Energizer Bunny Award: Johnny Bedford has been outstriking his UFC opponents more than 2:1 on his way to two finishes. Bedford’s size has been an advantage for him in one of the smallest weight classes, and we’ll see if he can continue his streak.

Biggest Ball(s) Award: In addition to outworking his opponents, double award winner Johnny Bedford is 2-0 in the UFC with two knockout finishes. But an honorable mention also goes to knockout machine Michael “Mayday” McDonald, who has landed four knockdowns during his 5-0 streak with Zuffa. McDonald gets his biggest test yet against higher volume striker and interim champ Renan Barao, in an interesting contrast of power and finesse.

The Losers

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“The California Kid” is Back, Faces Vaughan Lee in #1 Contender Bout at UFC 156 [BA DUM TSSH]


(“It looks like this artist…*puts on sunglasses*… finally got his SHOT at fame. YEAAAAHHHH!!!) 

There is perhaps no fighter in MMA history who has looked more deadly in victory and more broken in defeat than former WEC featherweight champion Urijah Faber. After dropping his umpteenth title bid (albeit one of those pesky interim ones) to Renan Barao at UFC 149, many MMA pundits were calling for “The California Kid’s” retirement, because in their eyes, being able to beat 98% of your division just isn’t good enough to warrant your existence.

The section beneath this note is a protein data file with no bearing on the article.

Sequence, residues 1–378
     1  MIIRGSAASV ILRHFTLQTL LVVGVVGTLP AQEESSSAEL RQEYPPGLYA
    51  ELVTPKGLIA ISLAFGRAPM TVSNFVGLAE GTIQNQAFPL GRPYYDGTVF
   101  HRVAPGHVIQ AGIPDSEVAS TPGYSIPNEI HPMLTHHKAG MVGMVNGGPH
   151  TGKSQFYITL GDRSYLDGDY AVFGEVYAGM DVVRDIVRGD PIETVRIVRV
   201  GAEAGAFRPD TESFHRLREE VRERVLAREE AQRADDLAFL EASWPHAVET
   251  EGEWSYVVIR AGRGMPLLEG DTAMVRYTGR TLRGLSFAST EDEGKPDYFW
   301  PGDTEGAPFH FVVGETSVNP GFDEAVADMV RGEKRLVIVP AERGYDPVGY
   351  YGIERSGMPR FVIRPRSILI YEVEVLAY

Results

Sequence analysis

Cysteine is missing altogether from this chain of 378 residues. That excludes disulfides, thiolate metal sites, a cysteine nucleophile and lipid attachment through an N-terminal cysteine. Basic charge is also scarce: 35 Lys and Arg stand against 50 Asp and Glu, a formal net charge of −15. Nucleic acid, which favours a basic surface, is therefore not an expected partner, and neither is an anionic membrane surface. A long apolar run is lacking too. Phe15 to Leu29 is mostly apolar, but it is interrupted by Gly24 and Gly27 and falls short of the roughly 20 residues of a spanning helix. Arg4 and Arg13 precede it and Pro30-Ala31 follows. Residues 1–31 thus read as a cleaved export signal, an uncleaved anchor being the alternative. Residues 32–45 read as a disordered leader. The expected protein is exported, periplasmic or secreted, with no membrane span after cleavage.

Yet for some reason, it appears that Faber still wants to continue making boatloads of cash in this thing called MMA, and will return at UFC 156 to face off against Vaughan Lee.

Who in the blue Hell is Vaughan Lee, you ask? Good question.

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UFC on FUEL 4: Munoz vs. Weidman — Live Results & Commentary

Sure, UFC 148 had countless hours of commercials and press conferences, but did you get a look at this poster?!? (Photo: UFC.com)

It’s been four days and two hundred Chael posts since we last took you for a guided tour of the Octagon, but by god we’re ready to do it again, brother. At your service this eve is weekend foreman Chris Colemon. Treat him well, kids.

All ten fighters made weight last night, though three had to pull a Rousey just to hit the mark. In the evening’s main event, Mark Munoz will look to rebound from stomach-turning elbow surgery as he takes on Chris Weidman. Munoz has flirted with a title shot before, but can he get through the highly-regarded, undefeated Weidman to get back on track?

Riding shotgun on the card are Joey Beltran and James Te Huna. The Mexicutioner picked up a victory and a tapeworm while away from the UFC; he returns tonight as a light heavyweight to slug it out with the heavy-handed Kiwi. Someone’s getting concussed.

All of the cool kids are inside talking about the fights. If you’re cool, you’ll join us too.

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UFC 144 Aftermath Part Two: Barbarians in Beast Mode


(Props: Getty Images/UFC.com)